The Boston Globe
Solzhenitsyn Regains Soviet Citizenship
August 17, 1990
MOSCOW- Preseident Mikhail S. Gorbachev, apologizing for two decades of political repression, has restored the citizenship of exiled writer Alexander Solzhenitsyn and 22 other literary, scientific and cultural figures, officials said yesterday.
In addition to Solzhenitsyn, the Nobel laureate charged with treason in 1974, Gorbachez’s presidential decree returns citizenship to chess champion Victor Korchnoi; writers Vasilly Akaysyonov, Vladimir and Valeri Tarsis, who died in exile in 1983; scientists Yuri Orlov and Valeri Chalidze; and artist Oakar Rabin, Soviet media reporter.
The names of the other 12 were not announced. There had been speculations that the list would include writer Joseph Brodsky, a Nobel Prize laureate who emigrated to the United States in 1972 under threat of imprisonment for his dissidence.
The full list of writers, academics and musicians deprived of citizenship between 1966-88 and regaining it under Wednesday’s presidential decree will be published later this month, said a spokesman for Gorbachev.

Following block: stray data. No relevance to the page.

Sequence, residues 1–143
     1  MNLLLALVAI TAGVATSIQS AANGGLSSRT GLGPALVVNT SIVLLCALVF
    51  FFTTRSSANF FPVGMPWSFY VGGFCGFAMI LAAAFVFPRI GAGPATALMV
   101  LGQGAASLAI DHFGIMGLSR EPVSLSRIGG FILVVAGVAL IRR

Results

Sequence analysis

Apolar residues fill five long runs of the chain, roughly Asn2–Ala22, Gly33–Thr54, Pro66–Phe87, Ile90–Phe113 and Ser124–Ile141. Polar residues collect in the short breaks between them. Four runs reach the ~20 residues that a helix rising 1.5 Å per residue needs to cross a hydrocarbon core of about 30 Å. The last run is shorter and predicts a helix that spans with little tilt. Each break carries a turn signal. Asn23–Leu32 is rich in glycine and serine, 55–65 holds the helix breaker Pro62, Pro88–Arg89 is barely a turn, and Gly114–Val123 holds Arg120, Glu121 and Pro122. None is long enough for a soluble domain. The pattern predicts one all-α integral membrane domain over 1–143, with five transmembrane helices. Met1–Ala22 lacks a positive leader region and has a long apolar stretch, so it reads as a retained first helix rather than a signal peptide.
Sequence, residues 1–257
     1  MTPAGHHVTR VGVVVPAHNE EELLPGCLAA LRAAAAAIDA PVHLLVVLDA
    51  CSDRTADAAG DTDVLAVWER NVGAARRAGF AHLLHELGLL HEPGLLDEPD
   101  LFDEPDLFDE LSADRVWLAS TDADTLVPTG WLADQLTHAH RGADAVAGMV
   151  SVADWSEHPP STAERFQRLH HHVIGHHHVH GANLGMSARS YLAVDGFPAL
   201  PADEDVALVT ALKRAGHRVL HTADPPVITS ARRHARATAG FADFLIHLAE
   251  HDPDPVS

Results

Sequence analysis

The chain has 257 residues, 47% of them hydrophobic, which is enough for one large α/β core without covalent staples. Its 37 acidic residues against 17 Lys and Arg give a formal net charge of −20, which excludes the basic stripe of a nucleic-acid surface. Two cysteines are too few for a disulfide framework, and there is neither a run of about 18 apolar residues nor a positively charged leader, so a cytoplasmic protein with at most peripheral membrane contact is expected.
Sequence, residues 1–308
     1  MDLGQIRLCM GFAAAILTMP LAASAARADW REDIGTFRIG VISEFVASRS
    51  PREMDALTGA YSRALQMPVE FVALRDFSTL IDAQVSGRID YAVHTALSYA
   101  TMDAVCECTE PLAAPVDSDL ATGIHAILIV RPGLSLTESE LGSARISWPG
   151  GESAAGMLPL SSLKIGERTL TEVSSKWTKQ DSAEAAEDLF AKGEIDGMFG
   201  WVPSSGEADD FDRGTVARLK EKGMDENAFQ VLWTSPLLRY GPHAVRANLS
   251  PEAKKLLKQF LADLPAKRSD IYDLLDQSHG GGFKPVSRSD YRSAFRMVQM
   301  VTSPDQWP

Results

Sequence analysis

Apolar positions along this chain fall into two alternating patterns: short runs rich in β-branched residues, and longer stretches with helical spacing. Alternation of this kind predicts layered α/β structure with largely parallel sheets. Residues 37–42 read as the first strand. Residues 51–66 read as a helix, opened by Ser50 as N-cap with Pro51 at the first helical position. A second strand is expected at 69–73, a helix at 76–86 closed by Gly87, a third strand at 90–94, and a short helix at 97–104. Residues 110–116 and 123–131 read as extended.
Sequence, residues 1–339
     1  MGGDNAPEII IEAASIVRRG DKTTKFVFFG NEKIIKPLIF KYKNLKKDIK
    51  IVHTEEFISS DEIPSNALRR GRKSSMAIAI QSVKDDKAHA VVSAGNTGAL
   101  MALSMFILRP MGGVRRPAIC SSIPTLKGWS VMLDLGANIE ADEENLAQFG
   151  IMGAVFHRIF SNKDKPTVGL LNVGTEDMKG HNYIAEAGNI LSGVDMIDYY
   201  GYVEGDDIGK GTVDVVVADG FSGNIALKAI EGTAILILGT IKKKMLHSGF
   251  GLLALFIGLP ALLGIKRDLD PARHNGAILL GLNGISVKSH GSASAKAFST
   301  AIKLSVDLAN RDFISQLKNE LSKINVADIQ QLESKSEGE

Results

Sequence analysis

“These political repressions were justifiable condemned in this country, and I believe it is now our duty to, if you pleas, absolve the guilt before our countrymen,” said Gennady Cheremnykh, head of the citizenship and pardoning department of the Supreme Soviet’s Secretariat.
“The decree is a conveyance of apologies of sorts. Although it is belated, it is an apology,” he said in an interview with the government daily Izvestia.
Cheremnykh said 175 Soviet were stripped of their citizenship from 1966-88. About 60 of them are Armenians who emigrated to the United States and Canada. The rest are dissidents, he said.
Under Leonid I. Brezhnev, the Kremlin revoked the citizenship of prominent authors and performing artists who spoke out against repression. Their works were barred from appearing in their homeland.
Citizenship revocation orders were routinely signed by Brezhnev himself, reflecting the level of revulsion felt by the leadership toward their dissident views.
The practice continued during Gorbachev’s first three years in office, but he later abandoned it. In individual decrees, he has restored the citizenship of a number of them, notably the cellist and conductor Mstislav Rostropovich and his wife, singer Galina Vishnecskaya; dissident historian Zhores Medvedev; and theater director Yuri Lyubimov. Of these, only Lyubimov had returned to live in the Soviet Union.
No conditions were put on those identified yesterday.